A pawn shop is a store run by a pawnbroker, where secured loans are offered to customers who must use an item they own as collateral for the loan. If the borrower can’t repay the loan, the pawnbroker will sell the item in the shop to recoup their losses. In some cases. customers can also choose to sell items to the pawnbroker.
What Is a Pawn Shop Loan and How Does It Work?
No matter how prepared we might be, sudden financial situations will likely happen to most of us at some point. When one of these situations arises, it can be helpful to familiarize yourself with the concept of pawning your objects. Learn what a pawn shop is and how it may help you avoid financial troubles.
A pawn shop is an independent business run by a pawnbroker that allows you to receive a cash loan quickly from personal items. If all goes smoothly, with timely payments on the loan, including the interest rate, you will get the best of both worlds; you will receive convenient cash advance style loan and be able to eventually reclaim your item. No credit check is required.
Are Pawn Shops Safe?
Most pawn shops are well-respected stores that aid borrowers in financial distress. However, the stigma behind the core concept of how a pawn shop functions has kept many people away from using them.
Contrary to what most people may think, a pawn shop is a legitimate business that can be useful when searching for financial aid. This article aims to offer a comprehensive view of all the aspects related to the services offered by pawnbrokers, along with a brief exploration of pawn shop development throughout history.
To help understand the problematic concepts behind pawning and pawn shops, it might be useful to go over the basics. Some of the most common objects that are pawned include antiquities, porcelain, gold jewelry, gadgets, musical instruments, memorabilia, and even firearms. Although pawning might appear as a simple exchange of goods and money, there is more to it.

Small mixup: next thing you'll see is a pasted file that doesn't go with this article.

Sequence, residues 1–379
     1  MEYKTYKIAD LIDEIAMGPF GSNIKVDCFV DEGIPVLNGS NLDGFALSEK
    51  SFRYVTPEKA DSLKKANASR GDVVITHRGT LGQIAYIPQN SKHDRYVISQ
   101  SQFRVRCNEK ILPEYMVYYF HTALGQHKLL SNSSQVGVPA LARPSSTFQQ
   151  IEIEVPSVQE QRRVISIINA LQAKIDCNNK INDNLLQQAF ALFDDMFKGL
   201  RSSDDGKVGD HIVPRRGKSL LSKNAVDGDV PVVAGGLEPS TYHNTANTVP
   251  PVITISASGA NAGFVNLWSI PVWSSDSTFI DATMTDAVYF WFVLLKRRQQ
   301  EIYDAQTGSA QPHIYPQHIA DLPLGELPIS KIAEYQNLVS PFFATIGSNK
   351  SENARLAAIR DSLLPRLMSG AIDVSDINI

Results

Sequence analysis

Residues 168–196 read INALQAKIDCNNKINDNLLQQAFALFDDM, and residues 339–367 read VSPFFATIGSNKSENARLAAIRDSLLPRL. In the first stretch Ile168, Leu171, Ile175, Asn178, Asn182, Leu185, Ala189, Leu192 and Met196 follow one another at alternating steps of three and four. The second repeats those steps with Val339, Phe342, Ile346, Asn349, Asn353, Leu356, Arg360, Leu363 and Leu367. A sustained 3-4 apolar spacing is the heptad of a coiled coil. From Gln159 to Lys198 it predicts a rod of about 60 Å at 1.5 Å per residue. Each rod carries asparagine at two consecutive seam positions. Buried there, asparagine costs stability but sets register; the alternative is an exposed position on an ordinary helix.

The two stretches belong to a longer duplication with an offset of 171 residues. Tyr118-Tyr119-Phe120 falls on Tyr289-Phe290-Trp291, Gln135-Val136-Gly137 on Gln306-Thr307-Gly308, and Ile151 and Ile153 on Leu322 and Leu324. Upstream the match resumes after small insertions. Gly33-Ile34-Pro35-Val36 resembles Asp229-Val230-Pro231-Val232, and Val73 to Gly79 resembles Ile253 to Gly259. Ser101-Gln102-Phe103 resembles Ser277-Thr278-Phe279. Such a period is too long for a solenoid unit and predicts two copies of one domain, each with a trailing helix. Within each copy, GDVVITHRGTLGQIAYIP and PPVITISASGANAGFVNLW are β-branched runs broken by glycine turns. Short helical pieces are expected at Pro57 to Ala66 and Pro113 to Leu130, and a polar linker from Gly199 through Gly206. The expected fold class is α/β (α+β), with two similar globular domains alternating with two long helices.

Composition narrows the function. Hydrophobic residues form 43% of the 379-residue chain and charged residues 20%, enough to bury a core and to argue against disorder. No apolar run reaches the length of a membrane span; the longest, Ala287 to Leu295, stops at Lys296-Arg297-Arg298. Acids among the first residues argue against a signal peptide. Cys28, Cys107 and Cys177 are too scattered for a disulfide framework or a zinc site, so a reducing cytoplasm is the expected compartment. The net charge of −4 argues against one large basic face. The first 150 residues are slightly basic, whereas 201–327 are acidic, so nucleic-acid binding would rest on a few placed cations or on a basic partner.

How Do Pawn Loans Work?
The loan amount that you will be paying off, which is given by the pawnbroker, is based upon the value of the object you pledge. You will need to pay an interest rate set by each pawn shop as a part of their operating policy.
The pawn shop loan issued by a pawnbroker correlates to the assessed value of your item. The interest rates of the pawn loan usually range between 4-8% of the issued amount per month, and the issued principal will typically be one-third of the actual value of the collateral (pawned object), but that might vary based upon the condition of the collateral. How rare the item is will also influence the price.
You might also have to pay for handling charges, which, along with the interest rate, enable the pawnbroker to stay safe if the pawn shop isn’t able to get the loan paid off or sell the collateral.
After you’ve paid off the full credit to the pawnbroker, you may redeem the collateral of your loan with no consequences. If you’re unable to do this within the agreed-upon timeframe, your collateral may become the rightful possession of the pawnbroker. According to the National Pawnbrokers Association about 85% of residents of the US pay back the Pawn shop loans before the loan term is up and redeem the collateral.
If the regulations of your state allow it, there is a possibility to receive some money from the sale of your collateral. You might also buy it back from the pawnbroker, but that’s typically only at an inflated price.